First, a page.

Obtain the Data for the Chart
In our example, data is input by the user. But in the real world, you would obtain criteria from the user and then use it to grab the actual data from your database. To see how to obtain data from a database using ASP, take a look at my previous articles.

To simply obtain information from our users, we create a form with 12 text boxes to hold the 12 monthly values and another one to hold the company name. We do this within an HTML form construct as follows:

<FORM ACTION="10MinChart.asp" METHOD="post"> <INPUT TYPE="hidden" NAME="pass" VALUE="1"> <TABLE BORDER="0" CELLPADDING="5" CELLSPACING="2" WIDTH="750"> ... more code <TR> <TD ALIGN="CENTER" VALIGN="TOP">Stock Price for:</TD> <TD ALIGN="LEFT" VALIGN="TOP"><INPUT TYPE="text" NAME="co" SIZE="25" VALUE="Microsoft"></TD> ... more code <% For i = 1 to 12 %> <TR> <TD ALIGN="LEFT" VALIGN="TOP">Date: <%= FormatDateTime(i & "/01/99", 2)%></TD> <TD ALIGN="LEFT" VALIGN="TOP">$ :<INPUT TYPE="text" NAME="v<%= i%>" SIZE="10" MAXLENGTH="5"></TD> </TR> <% Next %> </TABLE> <INPUT TYPE="submit" NAME="cmd" VALUE=" Generate Chart"> </FORM>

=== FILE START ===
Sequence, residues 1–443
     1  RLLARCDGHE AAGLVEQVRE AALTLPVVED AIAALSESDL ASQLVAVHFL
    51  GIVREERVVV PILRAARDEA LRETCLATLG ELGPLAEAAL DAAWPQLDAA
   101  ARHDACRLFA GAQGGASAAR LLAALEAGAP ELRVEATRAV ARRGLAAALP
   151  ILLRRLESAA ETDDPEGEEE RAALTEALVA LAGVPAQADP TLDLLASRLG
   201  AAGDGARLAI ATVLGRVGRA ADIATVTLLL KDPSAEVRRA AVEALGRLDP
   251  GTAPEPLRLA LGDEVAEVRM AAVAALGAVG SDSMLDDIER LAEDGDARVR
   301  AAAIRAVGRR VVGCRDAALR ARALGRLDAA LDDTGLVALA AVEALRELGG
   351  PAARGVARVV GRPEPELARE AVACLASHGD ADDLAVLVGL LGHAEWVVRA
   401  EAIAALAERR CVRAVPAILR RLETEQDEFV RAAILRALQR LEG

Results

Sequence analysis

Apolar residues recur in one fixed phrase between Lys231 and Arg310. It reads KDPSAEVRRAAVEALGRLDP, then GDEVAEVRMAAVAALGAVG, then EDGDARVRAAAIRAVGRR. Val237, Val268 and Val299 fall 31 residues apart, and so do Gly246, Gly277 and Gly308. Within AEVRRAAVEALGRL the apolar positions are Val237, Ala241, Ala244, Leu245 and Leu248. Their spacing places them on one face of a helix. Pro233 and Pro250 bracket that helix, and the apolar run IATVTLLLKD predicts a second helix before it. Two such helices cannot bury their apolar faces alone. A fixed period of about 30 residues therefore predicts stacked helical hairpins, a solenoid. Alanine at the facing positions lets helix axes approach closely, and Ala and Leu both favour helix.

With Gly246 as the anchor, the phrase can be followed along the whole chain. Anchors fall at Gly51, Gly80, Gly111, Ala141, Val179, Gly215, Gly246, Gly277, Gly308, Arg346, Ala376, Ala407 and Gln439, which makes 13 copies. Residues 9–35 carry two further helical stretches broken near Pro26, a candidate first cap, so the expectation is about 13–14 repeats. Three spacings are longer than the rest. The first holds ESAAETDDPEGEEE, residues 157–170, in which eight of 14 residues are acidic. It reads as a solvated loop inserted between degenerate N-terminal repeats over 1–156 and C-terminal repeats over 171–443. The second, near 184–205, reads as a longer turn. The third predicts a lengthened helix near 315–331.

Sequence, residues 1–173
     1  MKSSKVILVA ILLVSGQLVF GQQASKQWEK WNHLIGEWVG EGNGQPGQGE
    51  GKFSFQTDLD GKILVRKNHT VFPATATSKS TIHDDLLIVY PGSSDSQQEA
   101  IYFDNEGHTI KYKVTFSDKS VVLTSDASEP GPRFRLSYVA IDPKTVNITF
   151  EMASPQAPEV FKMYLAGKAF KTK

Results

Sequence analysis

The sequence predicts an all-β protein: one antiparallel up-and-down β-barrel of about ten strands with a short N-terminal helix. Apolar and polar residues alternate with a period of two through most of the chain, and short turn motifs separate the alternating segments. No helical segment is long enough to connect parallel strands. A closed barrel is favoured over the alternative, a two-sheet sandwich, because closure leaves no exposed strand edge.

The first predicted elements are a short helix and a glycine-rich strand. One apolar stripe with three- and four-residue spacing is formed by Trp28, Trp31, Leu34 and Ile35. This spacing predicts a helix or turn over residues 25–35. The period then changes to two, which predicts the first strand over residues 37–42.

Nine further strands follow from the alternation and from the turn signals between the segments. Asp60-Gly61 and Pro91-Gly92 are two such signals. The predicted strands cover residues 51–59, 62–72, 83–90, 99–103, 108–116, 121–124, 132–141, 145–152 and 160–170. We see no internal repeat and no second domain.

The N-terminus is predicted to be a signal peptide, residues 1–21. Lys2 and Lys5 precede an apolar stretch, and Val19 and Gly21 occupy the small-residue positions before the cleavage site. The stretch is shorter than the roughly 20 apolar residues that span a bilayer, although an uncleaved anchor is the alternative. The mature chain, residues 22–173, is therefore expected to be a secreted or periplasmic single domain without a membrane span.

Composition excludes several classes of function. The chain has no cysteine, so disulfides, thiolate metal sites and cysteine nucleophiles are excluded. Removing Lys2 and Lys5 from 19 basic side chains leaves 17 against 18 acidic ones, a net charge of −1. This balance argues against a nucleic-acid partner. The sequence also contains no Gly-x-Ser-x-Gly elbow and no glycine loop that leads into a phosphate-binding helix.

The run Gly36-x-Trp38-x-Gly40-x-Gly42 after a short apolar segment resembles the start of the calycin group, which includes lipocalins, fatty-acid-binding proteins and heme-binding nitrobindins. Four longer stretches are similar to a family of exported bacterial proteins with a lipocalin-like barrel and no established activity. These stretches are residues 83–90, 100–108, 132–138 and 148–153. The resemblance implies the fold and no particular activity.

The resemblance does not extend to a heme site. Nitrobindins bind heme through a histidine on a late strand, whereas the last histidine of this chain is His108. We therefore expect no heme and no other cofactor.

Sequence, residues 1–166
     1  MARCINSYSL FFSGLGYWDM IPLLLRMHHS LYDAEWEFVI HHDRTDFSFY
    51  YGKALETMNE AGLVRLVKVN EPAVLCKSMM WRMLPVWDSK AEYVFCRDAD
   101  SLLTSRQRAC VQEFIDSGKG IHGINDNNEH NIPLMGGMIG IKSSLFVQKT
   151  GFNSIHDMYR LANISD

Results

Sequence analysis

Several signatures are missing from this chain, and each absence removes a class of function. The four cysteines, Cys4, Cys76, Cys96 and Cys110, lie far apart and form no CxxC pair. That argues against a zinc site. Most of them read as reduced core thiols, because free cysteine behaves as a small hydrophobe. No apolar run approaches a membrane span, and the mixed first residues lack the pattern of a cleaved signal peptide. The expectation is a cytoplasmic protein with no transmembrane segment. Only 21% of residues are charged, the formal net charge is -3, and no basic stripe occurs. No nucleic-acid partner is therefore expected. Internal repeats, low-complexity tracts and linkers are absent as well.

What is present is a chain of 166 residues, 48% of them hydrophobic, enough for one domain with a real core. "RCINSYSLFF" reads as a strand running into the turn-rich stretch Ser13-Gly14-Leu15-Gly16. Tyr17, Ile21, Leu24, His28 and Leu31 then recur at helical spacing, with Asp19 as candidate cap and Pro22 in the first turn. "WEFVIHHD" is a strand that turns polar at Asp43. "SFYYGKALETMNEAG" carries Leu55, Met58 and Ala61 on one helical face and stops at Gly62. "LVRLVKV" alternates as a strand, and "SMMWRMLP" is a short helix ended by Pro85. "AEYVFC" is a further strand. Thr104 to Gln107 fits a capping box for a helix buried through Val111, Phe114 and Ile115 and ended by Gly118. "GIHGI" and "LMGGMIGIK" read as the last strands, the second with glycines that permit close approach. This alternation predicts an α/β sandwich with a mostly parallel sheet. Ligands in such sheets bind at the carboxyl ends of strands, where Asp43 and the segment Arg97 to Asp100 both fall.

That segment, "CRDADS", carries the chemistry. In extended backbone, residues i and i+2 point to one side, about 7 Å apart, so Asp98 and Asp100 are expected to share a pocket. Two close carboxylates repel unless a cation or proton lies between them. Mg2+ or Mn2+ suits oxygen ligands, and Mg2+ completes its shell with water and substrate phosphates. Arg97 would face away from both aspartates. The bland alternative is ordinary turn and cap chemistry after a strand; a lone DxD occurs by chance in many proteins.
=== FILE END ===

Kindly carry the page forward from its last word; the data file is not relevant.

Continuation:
As you can see, we display the text box for the name of the company first using the <INPUT> tag with a default value of 'Microsoft':

<INPUT TYPE="text" NAME="co" SIZE="25" VALUE="Microsoft">

We then display 12 labels and 12 text boxes underneath it. Rather than hard code the tags 12 times, we loop through a counter variable and create our HTML. To generate the dates, we use the FormatDateTime function with a second argument of 2 to return a short date format. We also generate 12 text boxes with names v1 to v12 in the same loop.

You will notice in the above code a hidden variable called "pass." The pass variable is my favorite way to determine whether this is the first time the page has been viewed or if the user is returning to the form after it has been submitted. If it is the first time, you can seed the text box with random, pre-filled values, which means the user isn't forced to enter values.